If there's one thing I love more than Arizona green tea, it would have to be videogames. Even as a young lad, whilst I played Turrican on my brother's Sega Genesis, I knew this was how I'd lose countless hours, nay, DAYS, of my life.
But then again, videogames have also brought me much turmoil.
Recently, I was grazing the shelves at my local thrift store when I came across an old Sega Genesis with a price tag of five bucks.
I knew I had a choice. Eat tonight, or buy a game system I knew I would probably use once and never bother using again. Realizing that the system came with a copy of Cool Spot (a video game that shamelessly starred a long deceased promotional icon from 7Up soda bottles), the choice was practically already made for me.
The second I plugged it in/blew vigorously into the game cartridge, I remembered the most frustrating part about the early days of videogaming; they're essentially impossible to beat. You're given three lives, no saves, and if you ever plan on actually beating what you started you'll probably also have to plan on leaving the system on for a few days so that you don't have to start over from the very beginning again.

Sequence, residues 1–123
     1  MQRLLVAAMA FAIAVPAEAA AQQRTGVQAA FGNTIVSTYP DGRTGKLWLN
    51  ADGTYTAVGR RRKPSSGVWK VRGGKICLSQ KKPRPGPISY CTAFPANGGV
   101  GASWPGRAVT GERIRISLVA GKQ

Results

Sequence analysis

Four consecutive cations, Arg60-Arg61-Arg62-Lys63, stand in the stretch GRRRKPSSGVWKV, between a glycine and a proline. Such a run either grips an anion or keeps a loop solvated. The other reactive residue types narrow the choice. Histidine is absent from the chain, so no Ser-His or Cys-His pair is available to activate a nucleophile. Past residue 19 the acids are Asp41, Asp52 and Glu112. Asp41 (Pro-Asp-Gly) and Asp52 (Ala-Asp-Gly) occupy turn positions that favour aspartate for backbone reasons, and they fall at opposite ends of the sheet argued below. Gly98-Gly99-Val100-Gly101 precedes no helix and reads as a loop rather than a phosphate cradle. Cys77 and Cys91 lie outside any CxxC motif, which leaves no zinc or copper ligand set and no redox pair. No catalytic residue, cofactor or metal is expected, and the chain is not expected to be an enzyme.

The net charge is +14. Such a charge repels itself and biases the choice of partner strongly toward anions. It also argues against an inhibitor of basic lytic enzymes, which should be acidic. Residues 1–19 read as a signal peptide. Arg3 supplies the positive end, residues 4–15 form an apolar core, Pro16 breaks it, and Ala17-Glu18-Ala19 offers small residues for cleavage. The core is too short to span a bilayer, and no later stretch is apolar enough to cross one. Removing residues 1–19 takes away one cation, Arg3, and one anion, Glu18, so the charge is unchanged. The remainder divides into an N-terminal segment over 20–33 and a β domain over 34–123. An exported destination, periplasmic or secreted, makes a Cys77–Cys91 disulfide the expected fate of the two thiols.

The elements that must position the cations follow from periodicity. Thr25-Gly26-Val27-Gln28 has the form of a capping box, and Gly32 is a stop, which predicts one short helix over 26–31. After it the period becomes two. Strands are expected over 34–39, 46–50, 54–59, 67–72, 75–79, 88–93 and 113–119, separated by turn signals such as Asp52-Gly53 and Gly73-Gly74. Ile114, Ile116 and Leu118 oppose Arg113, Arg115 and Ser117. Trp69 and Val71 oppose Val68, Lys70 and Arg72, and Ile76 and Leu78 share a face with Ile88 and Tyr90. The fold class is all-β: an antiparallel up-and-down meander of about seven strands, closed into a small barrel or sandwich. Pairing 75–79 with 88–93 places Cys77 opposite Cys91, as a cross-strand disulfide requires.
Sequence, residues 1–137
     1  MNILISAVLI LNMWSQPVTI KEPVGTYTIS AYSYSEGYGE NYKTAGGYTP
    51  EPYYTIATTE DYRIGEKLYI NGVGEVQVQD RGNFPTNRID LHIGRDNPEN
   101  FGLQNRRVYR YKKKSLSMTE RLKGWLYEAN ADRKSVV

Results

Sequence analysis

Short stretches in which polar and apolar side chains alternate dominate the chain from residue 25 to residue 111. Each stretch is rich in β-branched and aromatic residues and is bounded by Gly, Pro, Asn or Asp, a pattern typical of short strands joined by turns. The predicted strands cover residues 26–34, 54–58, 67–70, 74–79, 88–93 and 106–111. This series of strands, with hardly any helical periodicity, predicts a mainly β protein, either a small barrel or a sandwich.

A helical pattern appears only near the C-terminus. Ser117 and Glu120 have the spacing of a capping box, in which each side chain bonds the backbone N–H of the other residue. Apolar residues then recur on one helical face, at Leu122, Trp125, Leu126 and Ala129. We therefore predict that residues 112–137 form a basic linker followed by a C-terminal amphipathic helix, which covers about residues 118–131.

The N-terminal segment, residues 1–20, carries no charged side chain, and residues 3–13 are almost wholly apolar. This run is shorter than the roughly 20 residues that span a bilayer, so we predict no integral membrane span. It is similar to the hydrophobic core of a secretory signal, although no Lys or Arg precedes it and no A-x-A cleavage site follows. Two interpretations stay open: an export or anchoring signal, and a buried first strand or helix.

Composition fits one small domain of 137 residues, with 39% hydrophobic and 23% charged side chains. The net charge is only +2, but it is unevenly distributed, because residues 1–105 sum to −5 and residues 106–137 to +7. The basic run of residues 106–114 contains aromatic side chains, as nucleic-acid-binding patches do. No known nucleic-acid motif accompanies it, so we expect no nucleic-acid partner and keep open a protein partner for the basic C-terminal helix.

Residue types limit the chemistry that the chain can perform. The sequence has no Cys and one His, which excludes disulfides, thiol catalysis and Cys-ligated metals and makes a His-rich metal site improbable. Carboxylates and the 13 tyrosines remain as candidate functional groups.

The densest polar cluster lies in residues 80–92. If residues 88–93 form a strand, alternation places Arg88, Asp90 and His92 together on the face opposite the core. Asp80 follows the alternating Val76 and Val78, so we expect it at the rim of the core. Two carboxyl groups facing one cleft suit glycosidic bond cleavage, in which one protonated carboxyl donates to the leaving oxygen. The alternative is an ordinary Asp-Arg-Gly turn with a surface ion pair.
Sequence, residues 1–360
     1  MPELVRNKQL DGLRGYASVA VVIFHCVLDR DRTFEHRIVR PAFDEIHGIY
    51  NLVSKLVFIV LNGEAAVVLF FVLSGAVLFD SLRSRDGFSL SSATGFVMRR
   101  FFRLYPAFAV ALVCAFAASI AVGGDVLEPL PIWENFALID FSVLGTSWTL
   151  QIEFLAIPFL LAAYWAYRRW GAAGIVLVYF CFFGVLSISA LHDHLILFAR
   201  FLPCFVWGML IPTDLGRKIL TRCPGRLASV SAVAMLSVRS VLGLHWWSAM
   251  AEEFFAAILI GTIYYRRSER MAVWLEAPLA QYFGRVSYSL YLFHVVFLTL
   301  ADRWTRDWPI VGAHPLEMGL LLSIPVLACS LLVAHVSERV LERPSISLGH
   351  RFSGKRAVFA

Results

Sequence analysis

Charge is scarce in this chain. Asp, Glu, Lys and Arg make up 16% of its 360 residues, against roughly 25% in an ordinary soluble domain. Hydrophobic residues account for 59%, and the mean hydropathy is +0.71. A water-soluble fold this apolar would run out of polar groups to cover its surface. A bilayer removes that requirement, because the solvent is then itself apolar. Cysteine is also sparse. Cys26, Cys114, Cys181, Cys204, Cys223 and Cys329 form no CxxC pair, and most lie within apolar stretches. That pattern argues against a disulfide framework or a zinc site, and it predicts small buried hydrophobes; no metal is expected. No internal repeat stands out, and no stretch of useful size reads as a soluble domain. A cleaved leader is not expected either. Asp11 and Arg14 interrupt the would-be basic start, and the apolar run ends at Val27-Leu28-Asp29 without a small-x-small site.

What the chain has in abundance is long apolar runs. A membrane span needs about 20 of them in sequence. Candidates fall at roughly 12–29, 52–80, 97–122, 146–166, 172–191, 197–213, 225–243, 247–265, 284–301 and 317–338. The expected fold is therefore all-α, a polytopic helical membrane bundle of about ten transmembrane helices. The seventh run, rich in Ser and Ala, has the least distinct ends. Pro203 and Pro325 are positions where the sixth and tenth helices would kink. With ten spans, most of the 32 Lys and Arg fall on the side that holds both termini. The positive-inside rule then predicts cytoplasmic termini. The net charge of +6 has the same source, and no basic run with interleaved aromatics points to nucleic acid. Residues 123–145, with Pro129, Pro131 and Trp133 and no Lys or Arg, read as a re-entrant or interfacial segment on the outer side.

Now, a lot of things have changed. Videogames have stories, characters, even a philosophical outlook on the world. Admirers of the 2007 game Bioshock will occassionally give rants on the troubles associated with objectivism and the ideology of Ayn Rand. For the most part, they're still just distractions, but sometimes something genuinely different apears.
Games have managed to find their way into the art world, as in the case with Jason Nelson, a poet and artist who has spent much of his time creating online games such as This Is How You Will Die and his most latest i made this. you play this. we are enemies.
But then again, many things haven't changed at all. Games will still be grounded in the absurdly violent, the absurdly sexual, the absurdly cute, or all of the above as a means to provide unadulterated entertainment.
This year the Wii is still on the list of "highest in demand" for the holidays, and the Playstation 3 remains the proverbial "Booster" to Nintendo's "Turbo Man."
How antiquaited all this will seem in a few years, months, or weeks, will most likely astound me. In the meantime I'll prepare myself to one day reminisce about scratched disks, flashing red rings, and the long nights I spent with Halo.